Walter E. Washington Convention Center | February 11, 2017
(Paul Munden, Jen Webb, Randall Albers, Paul Hetherington, Lori A. May) The number of creative writing programs and the numbers of students in those programs are expanding significantly. But employment outcomes for creative writing graduates are poor: research shows that they either experience a working life characterized by precarity, low wages, and high volunteerism, or else must find employment in other areas. In this panel, we discuss ways in which curriculum content can prepare students for a future that includes creative and professional success.
Published Date: April 12, 2017
Welcome to the AWP Podcast Series. This event was recorded at the 2017 AWP Conference in Washington, DC. The recording features Paul Munden, Jen Webb, Randall Albers, Paul Heatherington, and Lori A. May. You will now hear Paul Munden provide introductions.
Okay. Welcome, everyone, to this session on preparing creative writing graduates for lifelong careers. We’re going to be looking at this very much from an international perspective. I’m Paul Munden, and I’m director of NAWE, the National Association of Writers in Education, which is the equivalent in the UK of AWP. I’m joined on the panel, from Canada on the far left, this is in order of how people are going to speak, we have Lori A. May from the University of Kings College, Halifax, from Australia, we have Jen Webb, who’s Director of the Center for Creative and Cultural Research at the University of Canberra, from the US we have Randall Albers, who’s professor emeritus of Columbia College of Chicago, and also from Australia, Paul Heatherington, who is professor of writing at the University of Canberra and head of the International Poetry Studies Institute, which is based there.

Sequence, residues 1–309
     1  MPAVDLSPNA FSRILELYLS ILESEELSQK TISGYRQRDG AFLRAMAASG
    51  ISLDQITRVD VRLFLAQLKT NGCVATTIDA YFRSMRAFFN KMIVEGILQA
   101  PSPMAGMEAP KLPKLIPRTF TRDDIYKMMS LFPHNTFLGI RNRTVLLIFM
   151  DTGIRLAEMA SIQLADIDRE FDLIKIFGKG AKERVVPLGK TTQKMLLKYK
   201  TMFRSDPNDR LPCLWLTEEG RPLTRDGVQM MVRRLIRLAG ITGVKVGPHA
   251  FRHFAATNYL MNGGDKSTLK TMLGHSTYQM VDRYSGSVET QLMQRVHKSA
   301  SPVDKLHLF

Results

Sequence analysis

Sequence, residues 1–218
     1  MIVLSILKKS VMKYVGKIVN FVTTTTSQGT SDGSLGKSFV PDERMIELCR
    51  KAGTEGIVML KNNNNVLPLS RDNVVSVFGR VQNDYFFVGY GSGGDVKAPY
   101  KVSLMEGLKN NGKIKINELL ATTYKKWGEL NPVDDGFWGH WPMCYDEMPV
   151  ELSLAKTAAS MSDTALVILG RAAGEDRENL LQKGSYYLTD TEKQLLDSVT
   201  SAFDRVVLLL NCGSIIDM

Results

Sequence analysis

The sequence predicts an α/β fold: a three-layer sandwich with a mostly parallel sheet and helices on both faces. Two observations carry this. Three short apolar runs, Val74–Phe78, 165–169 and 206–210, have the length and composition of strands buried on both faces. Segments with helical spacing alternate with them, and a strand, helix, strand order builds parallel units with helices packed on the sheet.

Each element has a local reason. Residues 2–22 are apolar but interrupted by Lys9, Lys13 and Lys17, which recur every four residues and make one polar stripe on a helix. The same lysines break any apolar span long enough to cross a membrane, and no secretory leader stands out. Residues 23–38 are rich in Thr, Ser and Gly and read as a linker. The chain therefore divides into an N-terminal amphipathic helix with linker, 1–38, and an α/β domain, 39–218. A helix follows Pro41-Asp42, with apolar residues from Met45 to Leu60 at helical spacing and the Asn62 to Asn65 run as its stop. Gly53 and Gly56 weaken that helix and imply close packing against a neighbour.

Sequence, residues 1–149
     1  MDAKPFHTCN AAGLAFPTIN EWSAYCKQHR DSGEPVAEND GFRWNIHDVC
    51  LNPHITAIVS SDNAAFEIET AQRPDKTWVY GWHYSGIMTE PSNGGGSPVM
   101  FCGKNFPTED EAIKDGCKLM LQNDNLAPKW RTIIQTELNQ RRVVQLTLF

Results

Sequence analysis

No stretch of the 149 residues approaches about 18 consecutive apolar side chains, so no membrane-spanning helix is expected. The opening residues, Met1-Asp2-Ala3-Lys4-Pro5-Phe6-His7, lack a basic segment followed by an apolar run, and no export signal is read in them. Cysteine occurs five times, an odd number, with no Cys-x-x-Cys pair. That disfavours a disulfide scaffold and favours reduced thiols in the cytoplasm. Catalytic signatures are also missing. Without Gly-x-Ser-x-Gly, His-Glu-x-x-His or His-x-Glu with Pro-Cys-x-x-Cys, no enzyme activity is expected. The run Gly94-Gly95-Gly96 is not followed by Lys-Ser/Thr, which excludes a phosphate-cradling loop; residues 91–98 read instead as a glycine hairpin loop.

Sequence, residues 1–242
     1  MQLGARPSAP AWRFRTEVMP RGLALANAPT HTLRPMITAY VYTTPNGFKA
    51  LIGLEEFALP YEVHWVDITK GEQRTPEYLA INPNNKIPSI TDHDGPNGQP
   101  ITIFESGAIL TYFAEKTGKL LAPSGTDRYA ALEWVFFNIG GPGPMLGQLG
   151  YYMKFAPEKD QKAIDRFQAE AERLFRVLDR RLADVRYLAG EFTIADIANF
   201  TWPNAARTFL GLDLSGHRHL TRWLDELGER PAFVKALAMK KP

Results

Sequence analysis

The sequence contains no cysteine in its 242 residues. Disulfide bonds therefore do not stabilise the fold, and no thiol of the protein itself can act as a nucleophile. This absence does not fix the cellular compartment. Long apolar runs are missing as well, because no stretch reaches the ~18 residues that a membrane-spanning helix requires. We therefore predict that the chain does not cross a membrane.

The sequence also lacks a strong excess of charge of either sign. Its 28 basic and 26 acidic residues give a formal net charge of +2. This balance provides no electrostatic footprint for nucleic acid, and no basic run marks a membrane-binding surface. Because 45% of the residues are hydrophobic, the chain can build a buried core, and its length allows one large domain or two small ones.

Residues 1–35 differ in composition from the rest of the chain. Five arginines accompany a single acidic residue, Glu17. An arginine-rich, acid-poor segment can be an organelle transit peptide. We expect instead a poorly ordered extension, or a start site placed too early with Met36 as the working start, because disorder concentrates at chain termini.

And I want to start just by acknowledging two important things. First is that I think there is perhaps a public perception that creative writing programs prepare you for very little other than a life of disappointment, and secondly, completely in opposition to that, the fact that creative writing is perhaps the ultimate transferable skill, and it’s one of the most useful things that you would possibly study. All of which suggests to me that we’re either underselling it, or maybe selling it in the wrong way, because if we rely on stories of certain graduates gaining high profile publishing contracts, that’s the risky way to go because, you know, even a ten percent success rate also equals a ninety percent failure rate. So, I’d like to start by quoting a few things from this publication from 2013, which is a report on creative writing in British Universities with responses from senior academics within around twenty different institutions, and if you’re interested in reading it in greater detail it is downloadable free from the NAWE website. And it says creative graduates are considered to be articulate, able to express themselves, both verbally and in writing, creative, independent, problem solvers, engaged, enthusiastic, and aware of the world around them. They’re team-workers with good presentation skills, creative, imaginative, and self-disciplined, critical thinkers, aware of the wider writing business and excellent communicators. They’re well equipped for further study in a whole range of disciplines—for teaching, reviewing, editing, organizing literary events, using writing as therapy, working in the creative industries, or arts administration, or in almost any number of traditional graduate jobs. And graduates get into a wide range of careers, where communication skills, creativity, and independence of mind are valued, for example, newspapers, magazine, PR, advertising, TV, radio, theater, literary agencies, libraries, booksellers, web, and games design and of course, teaching. And a poet at one of the top universities who was contributing to this report, intriguingly sites joblessness as something which creative writing graduates are uniquely well prepared, and you can imagine where critics might go with that as a headline, but actually it was said in all seriousness to describe the high level of inner resourcefulness which creative writing as the report says, “in learning to construct a variety of human narratives in their studies they are perhaps better equipped than most in finding their own personal ways through even the most difficult of times” and we sure are in the most difficult of times. And I’d like to add to that a further comment by a former chair of NAWE Maggie Butt,